Sketch Plans
1. HP Flanagan, Inc.: Sketch plan proposing a 6 lot subdivision and associated improvements. The property is located at 100 N. Bacton Hill Road, is zoned R-1 Single Family Residential and is approximately 6.6 acres in size.

 

(Deep breath)

This is proposed for right on top of and across the road from….wait for it….the ruins of historic Ebenezer AME Church and Cemetery.  When I last wrote about Ebenezer, it was late November, 2017 and it was about an oral history.  Before that, you know all of the posts about the history and the various articles from 2016 (click HERE and click HERE for two of them.)

Well shame on me for not paying closer attention in December 2017.  Here is what it looks like (100 Bacton Hill Road Sketch Plan):

Here is a close-up so you can see (right or wrong) why I am alarmed:

These houses are right on top of Ebenezer on one side.  A  concern I have is a lot of us have always wondered if there were more graves on each side of the fences (See blue arrows). A new development right on top of this site of ANY size puts this historic site at risk, in my humble opinion. Which is why a lot of the conversations concerning this development have to also include protecting this historic site, right?

This is a historic site that East Whiteland has never seemingly wanted to deal with (except for the historic commission as they have wanted it better preserved only how do we get there?), and the AME Church always seemingly wants to pretend it never exists. (I mean remember that promise Bishop Ingram made the Inquirer reporter Kristen Holmes to check this all out? And what do you bet he never, ever did? (Sorry I don’t see slick city bishop walking through the mud at Ebenezer, do you?)

Do we need to worry that if the AME Church finds out about development they will try to sell these old souls to the highest bidder to make a buck or two? (It’s a valid concern, I think.)

Here is a close up of general notes on the plans so the players and potential need for a variance are made plain:

Doug Buettner still owns the land now.  I have met him.  A nice guy. He actually helped with Al’s clean-up of Ebenezer in 2016. I have also been told that owns Malvern Court the mobile home park on the other side of Ebenezer.  The developer is listed above at HP Flanagan in Malvern.  They are an unknown to me.

I have been told that Mr. Buettner has wanted to develop some of this land for years.  I seem to remember he mentioned it to me in conversation the day I met him cleaning up at Ebenezer.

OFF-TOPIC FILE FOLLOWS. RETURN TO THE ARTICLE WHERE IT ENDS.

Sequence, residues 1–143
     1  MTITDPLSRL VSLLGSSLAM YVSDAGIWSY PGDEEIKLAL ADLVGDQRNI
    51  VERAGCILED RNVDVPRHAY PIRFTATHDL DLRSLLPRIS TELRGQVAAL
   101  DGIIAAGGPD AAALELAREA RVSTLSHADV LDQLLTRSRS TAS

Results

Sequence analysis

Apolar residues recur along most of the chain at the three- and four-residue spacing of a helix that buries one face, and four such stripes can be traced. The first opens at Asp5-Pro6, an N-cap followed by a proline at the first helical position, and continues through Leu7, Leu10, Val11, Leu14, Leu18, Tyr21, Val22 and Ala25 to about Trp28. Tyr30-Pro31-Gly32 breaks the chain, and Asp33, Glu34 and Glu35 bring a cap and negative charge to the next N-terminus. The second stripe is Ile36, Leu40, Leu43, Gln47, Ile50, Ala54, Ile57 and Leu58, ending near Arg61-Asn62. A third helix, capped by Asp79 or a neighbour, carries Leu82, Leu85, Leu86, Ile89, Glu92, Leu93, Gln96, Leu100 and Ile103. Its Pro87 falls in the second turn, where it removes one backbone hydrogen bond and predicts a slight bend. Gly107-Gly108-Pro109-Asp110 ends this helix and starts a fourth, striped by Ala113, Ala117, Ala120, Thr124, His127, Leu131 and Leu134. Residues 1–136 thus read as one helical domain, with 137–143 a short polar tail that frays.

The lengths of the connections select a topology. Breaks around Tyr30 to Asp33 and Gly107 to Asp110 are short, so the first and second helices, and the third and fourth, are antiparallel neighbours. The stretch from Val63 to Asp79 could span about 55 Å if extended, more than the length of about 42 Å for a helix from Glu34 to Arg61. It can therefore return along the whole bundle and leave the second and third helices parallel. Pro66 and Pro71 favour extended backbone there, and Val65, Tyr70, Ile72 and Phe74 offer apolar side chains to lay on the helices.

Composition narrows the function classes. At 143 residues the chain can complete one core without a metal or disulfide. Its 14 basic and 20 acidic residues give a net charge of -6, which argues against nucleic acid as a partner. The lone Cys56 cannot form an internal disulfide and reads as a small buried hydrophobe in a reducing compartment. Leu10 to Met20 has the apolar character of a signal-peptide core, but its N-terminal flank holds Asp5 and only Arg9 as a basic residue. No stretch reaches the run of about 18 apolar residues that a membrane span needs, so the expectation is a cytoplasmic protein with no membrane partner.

My largest concern is how close this all is to the ruins of Ebenezer. This is not a big plan being proposed, mind you, and it would have escaped my radar except for the fact it is next door to our beloved Ebenezer. And well a development could detrimentally impact this historic site as I feel the site is fragile to begin with. I have fears that once construction vehicles move in to start construction if this plan is approved that it will cause the remains of the church to crumble from vibrations.  When Al Terrell was alive we had wanted to try to get the AME Church to give permission for funds to be raised to stabilize the ruins.

A development of a 6 lot subdivision like this adjacent to a historic resource and a mobile home park is one of the ways Chester County Zoning is so strange to me.  None of the things go together.

I still feel the pace of development is staggering in East Whiteland .

When does it stop? I have to ask if Mr. Buettner owns clear to the corner as I was told, would it be possible to shift those houses down? Or eliminate one from the plans to create a buffer zone next to the old souls of Ebenezer?  After all, it is not generally considered good karma to disturb a burial ground is it?  Freed slaves, member of a once vibrant early black community and black Civil War Soldiers matter, don’t they? Shouldn’t they?

And you see on the plans they also want setback variances? Bacton Hill Road is a speedy road.  So no new development anything should be perched right on the edge of the road in my humble opinion.

Look, I wish this proposed plan, this sketch plan, wasn’t on top of Ebenezer, but it is.  And Hiram Woodyard, Joshua Johnson, the Reasons and the other dear old souls here deserve respect. (See Daily Local article November 2016)

Bacton Hill is the location of some of the richest black history in Chester County.  It was an early settlement of freed blacks among other things.  This history here just keeps getting erased. I don’t think that is right.

Here is my wish list:

  1. NO development (which I doubt will happen as it is East Whiteland, after all.)
  2. More realistically, REDUCED development to protect the cemetery with a good buffer.
  3. As a condition of approval the developer gets permission to stabilize the church ruin and put up a better and more proper fence with a gate and a couple of pebbled (drainage is a problem over there already, right?) parking spaces in the buffer zone so people can visit Ebenezer.
  4. And developer also helps with maintaining the grass and weeds going forward

Here is hoping if something comes of this, the dead are respected, right? Ebenezer has been around since what? 1831 into 1832?